looking deeper i find also that Briar has no female friends, and doesn't socialize well with other female characters. well, actually, she doesn't socialize well with anybody - that's kind of her thing. again, there were cultural reasons for that in the game, but there are none so far in the story. how do i create a structure for gender relations & character socialization? most important i think is going to be how her culture interacts with the surrounding ones, as she grew up somewhat removed from her roots - that detail is key to the plot. the whole story goes out the window if she has a healthy relationship with her own culture from the start. how do other writers deal with socializing characters against the backdrop of culture? i can't just "not worry about culture", because the cultures and their relationships to each other are what drives the plot.
  2. SelfControl

    SelfControl Boned.

    Will read the whole thing later, but first thing's first: if you're going to use pre-existing framework (the D&D standard that haunts a good 50% of fantasy writing), you need to be doing something new with it, otherwise... well, I dunno, maybe people won't get bored of it, but it makes you more of a writer if you're coming up with your own stuff.

    Sorry if that seems harsh, it wasn't meant to be.
  3. White Scorpion

    White Scorpion 4umotographer

    There is something very revealing said above that I am tempted to use for myself.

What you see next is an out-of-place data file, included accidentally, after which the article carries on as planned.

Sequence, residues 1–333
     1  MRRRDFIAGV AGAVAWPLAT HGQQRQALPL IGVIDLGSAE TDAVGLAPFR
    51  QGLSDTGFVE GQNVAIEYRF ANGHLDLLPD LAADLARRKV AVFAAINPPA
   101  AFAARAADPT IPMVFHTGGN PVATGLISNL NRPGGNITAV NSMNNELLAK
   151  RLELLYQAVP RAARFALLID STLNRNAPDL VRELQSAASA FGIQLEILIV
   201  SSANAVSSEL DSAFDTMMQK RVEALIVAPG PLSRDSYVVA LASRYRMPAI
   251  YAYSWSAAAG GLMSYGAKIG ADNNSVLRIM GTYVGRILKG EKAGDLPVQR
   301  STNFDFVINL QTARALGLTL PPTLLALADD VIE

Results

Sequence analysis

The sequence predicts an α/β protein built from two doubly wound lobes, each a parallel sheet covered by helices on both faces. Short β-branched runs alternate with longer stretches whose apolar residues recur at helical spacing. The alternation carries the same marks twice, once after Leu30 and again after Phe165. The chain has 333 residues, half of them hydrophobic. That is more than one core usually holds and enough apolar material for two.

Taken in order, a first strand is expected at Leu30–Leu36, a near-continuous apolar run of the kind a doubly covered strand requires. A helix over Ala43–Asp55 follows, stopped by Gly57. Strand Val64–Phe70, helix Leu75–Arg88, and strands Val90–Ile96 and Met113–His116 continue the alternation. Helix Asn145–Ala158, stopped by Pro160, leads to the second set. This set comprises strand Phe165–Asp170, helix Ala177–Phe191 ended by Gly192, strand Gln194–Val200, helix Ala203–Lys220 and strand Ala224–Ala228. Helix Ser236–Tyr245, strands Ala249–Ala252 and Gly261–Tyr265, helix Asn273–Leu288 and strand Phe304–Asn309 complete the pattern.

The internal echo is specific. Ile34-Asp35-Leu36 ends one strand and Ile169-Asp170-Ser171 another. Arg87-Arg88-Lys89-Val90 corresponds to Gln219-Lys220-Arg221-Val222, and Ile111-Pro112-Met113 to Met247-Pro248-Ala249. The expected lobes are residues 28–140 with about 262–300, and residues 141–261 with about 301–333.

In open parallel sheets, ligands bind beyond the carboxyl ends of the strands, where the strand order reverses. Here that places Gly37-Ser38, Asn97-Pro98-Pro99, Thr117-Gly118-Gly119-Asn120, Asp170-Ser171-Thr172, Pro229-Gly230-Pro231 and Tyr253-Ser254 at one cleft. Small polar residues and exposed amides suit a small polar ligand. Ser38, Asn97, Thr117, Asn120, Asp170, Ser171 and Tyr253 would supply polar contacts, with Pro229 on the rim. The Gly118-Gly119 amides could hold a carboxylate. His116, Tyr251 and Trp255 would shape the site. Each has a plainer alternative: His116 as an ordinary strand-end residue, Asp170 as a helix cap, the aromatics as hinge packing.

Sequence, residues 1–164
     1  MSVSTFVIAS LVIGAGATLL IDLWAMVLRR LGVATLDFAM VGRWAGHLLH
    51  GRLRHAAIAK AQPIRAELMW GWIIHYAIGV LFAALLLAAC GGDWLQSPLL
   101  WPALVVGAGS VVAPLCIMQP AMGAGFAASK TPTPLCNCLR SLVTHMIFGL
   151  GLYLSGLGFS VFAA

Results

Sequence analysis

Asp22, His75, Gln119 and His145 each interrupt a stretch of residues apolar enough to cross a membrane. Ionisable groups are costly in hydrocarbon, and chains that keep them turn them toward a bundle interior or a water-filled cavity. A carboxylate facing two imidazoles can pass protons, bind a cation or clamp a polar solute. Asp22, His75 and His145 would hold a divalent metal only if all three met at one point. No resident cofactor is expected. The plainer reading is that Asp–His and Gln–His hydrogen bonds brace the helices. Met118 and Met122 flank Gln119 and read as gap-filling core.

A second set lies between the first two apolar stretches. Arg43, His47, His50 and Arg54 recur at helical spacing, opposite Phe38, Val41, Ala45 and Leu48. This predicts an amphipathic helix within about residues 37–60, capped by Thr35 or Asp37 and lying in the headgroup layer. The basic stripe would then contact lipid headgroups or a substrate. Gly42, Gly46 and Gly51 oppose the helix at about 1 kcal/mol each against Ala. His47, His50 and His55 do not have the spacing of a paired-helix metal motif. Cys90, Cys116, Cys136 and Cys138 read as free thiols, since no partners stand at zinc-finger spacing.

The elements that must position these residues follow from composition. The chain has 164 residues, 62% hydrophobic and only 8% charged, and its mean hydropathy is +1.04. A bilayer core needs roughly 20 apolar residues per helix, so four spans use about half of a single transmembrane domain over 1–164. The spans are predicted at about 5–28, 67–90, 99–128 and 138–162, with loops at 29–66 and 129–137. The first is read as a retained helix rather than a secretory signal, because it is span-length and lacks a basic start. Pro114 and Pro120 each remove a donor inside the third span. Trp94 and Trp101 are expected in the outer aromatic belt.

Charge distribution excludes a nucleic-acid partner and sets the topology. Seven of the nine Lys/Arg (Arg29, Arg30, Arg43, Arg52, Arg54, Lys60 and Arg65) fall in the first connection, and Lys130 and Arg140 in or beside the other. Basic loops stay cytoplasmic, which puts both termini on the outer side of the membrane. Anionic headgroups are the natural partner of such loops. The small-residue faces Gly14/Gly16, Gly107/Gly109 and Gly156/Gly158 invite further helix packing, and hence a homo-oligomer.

4. kitty fabulous

    kitty fabulous smoked tofu

    if you'd read my post you'd be aware that the challenge is i'm faced with coming up with a new social structure because i'm NOT using the D&D framework, and want to AVOID any direct parallels. i have to re-write the character, and give her new motivations, because her old ones came from her rather dysfunctional relationship with halfling & human culture.

    it's long i know, and i probably should have broken it down into 2 or 3 posts because there's actually a couple of challenges in the original post.

    we have the question of building a new social framework; we have the question of gender relations, and we have the question of love relationships, and how important they are to character development.

    yeah, the first post was a little disorganized, but dammit, people, you're all supposed to just know what's going on im my head!:p
  5. SelfControl

    SelfControl Boned.

    With regards to love interests: Not everyone's obsessed with love, or sex. It's a big part of people's motivation for doing things, but it's rarely as obvious as Hollywood tries to paint it.